Alarming News: I like Morgan Freeberg. A lot.
Anti-Idiotarian Rottweiler: We were following a trackback and thinking "hmmm... this is a bloody excellent post!", and then we realized that it was just part III of, well, three...Damn. I wish I'd written those.
Anti-Idiotarian Rottweiler: ...I just remembered that I found a new blog a short while ago, House of Eratosthenes, that I really like. I like his common sense approach and his curiosity when it comes to why people believe what they believe rather than just what they believe.
Brutally Honest: Morgan Freeberg is an intriguing guy...[he] asks great questions and answers others with style, flair, reason and wit. On the blogroll he goes. Make him a part of your regular blogospheric reading. I certainly will.
Brutally Honest: Morgan Freeberg is brilliant.
Common Sense Junction: Misha @ Anti-Idiotarian never ceases to amaze me. He keeps finding other good blogs. I went over to A.I. this morning for my daily Misha fix and he had found this guy named Morgan Freeberg in Fair Oaks, California, that has a blog, House of Eratosthenes. Freeberg says its "The Blog That Nobody Reads" but it may now become the blog that everybody reads.
Jaded Haven: Good God, Morgan, you cover a topic from front to back with a screwy thoroughness I find mind boggling. I'm in awe of your thought proccesses, my friend, you're an exceptional talent. You start by throwing in the kitchen sink, tie in someone's syphilitic uncle, bend around a rip tide of brilliance and bring it all home in a neat, diamond dripping package of an exceptionally readable moment of damn fine wordsmithing. I love reading you.
Mein Blogovault: Make "the Blog that No One Reads" one of your daily reads.
Philmon: When Morgan meanders, stick with him - he's got a point and it'll be worth it in the end. He's not a hit-and-run snarky quip kind of guy. The pieces all fall into place like tumblers in a lock and bang! He's opened a cognative door for you.
Rightlinx: Morgan at House of Eratosthenes is one of the best writers out there. I read him nearly every day because he manages to provide an interesting perspective, even though I don't always agree.
Poetic Justice: Cletus! Ah gots a laiv one fer yew...
Let’s try to learn something about this in 2009. There’s a lot riding on it, and I see a lot of people bloviating about the issue from one direction or another, but not too many folks offering solid evidence.
Except, of course, for Mohamed Atta and his colleagues. That’s evidence. And they didn’t fit the profile of poverty, disease, hopelessness, “root causes,” et al. Not terribly well.
In last weekend’s Wall Street Journal, Kimberley Strassel published a truly fascinating interview with President Bush…He said, “freedom includes freedom from disease, because (terrorists) can exploit hopelessness, and that’s the only thing they can exploit.”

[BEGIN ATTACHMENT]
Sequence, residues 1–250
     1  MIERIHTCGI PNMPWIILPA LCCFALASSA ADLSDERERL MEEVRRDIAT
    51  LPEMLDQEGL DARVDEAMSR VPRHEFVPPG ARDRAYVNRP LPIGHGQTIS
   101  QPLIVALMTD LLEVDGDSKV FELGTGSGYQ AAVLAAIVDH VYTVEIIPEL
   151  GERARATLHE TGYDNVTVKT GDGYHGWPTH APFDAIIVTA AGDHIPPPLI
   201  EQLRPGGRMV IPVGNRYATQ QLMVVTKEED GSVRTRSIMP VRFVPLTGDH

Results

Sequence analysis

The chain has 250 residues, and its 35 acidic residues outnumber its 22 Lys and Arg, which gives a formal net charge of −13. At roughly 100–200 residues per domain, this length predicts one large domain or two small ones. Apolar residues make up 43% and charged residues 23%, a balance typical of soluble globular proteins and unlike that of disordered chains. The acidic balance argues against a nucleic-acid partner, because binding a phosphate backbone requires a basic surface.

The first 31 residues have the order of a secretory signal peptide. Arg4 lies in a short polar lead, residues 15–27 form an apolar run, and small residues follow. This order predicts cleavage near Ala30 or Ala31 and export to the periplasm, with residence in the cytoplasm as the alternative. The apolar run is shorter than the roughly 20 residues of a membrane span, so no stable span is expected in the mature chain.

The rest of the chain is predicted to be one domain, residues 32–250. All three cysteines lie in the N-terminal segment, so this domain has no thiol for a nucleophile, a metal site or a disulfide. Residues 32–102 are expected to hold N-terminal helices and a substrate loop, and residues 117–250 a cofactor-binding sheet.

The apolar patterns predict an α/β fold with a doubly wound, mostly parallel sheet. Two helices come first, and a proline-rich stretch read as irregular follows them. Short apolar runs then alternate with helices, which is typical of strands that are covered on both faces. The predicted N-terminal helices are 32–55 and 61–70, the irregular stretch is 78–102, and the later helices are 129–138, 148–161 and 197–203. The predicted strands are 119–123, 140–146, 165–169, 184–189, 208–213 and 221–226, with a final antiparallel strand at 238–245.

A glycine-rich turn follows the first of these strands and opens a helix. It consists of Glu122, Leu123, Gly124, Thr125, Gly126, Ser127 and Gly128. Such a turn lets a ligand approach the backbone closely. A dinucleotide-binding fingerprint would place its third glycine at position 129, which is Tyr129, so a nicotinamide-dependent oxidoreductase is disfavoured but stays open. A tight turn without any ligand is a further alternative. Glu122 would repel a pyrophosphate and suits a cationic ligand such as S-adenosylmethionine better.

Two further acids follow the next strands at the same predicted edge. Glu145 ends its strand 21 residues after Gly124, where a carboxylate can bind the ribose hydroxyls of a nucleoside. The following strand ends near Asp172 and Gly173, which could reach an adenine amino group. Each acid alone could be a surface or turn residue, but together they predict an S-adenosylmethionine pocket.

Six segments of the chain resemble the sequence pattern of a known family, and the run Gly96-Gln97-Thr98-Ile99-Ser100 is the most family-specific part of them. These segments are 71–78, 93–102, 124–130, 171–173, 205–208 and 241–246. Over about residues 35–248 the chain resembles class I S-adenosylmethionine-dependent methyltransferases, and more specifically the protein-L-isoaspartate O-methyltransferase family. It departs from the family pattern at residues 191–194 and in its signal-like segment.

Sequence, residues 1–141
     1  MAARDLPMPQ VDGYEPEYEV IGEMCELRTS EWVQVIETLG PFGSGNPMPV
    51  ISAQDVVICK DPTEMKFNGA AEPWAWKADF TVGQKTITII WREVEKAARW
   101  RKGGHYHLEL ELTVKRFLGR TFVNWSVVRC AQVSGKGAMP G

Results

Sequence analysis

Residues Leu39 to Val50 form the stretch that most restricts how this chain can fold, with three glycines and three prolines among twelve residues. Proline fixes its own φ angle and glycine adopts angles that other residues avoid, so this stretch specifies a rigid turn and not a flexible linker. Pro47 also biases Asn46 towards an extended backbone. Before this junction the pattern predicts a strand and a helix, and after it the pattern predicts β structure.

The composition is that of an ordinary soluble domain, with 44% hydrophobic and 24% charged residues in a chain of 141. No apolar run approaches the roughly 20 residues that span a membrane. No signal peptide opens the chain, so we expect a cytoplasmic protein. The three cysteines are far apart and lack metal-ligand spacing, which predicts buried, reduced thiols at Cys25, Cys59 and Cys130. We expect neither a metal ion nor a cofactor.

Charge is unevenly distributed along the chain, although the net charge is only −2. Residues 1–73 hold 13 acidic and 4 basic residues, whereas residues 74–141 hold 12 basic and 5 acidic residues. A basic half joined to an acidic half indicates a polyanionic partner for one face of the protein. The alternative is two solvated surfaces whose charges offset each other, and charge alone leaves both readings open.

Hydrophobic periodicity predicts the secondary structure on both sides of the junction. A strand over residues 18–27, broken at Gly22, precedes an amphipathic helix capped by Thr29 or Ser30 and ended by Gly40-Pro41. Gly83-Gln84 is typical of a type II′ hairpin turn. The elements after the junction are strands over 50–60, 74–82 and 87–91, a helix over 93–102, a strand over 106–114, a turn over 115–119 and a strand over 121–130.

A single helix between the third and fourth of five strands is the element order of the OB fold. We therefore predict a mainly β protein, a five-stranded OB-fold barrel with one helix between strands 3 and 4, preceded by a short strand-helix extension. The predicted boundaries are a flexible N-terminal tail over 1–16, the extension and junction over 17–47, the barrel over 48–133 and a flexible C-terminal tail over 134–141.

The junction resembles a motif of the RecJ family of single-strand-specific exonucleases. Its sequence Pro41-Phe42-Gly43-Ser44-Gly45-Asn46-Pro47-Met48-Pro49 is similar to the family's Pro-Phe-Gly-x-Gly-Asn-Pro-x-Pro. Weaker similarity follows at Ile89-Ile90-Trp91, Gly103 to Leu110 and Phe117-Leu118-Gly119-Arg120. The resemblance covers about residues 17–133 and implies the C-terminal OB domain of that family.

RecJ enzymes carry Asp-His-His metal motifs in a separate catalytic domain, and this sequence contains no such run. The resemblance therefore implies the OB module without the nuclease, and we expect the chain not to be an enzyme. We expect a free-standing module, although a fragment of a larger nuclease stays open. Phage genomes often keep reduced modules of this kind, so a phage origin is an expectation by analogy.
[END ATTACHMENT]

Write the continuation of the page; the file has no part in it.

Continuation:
At which point one can only throw one’s hands in the air and sigh. Because this means he doesn’t understand terrorism. At all. Terrorists aren’t recruited because they feel hopeless. Quite the contrary; they feel inspired, galvanized, heroic and saintly. They are revolutionaries, they are seeking to change the world, and their actions are not one last desperate throw of the dice. Theirs are acts of hope and optimism, certainly not of despair. They think they’re part of a victorious army, not isolated individuals crushed by misery.
I suppose it’s all relative. Humans are designed to feel motivated to do whatever will positively impact their status in life, whether it’s from misery to satisfaction, or from abundance to glory.
At the same time, true misery has a horse-blinder effect on the human mind. When you can’t breathe, anything unrelated to air isn’t going to interest you a whole lot. By the same token, I think when you can’t feed yourself or you’re watching your own family flail about trying to feed itself, such noble pursuits as driving the Great Satan out of the Holy Land, aren’t going to grab your attention too well. Those ideas are going to be for the rich boys like Atta and his pals. You’re going to be much more interested in food. This is basic human behavior, Maslow Pyramid type stuff.
So I know about those college-educated Glorious Nineteen. And I know about Osama bin Laden…he’s a skinny guy, last I saw of him, but if he’s alive somewhere I don’t think he’s starving.
Ledeen might have a good point here, I think. But I was already suspicious, because I hear this bumper sticker slogan about “root causes” quite often, and it’s never exposed to scrutiny. I’m naturally suspicious of things being repeated over and over again that aren’t exposed to scrutiny, especially if they have to do with creating welfare programs where there may be no call for them.
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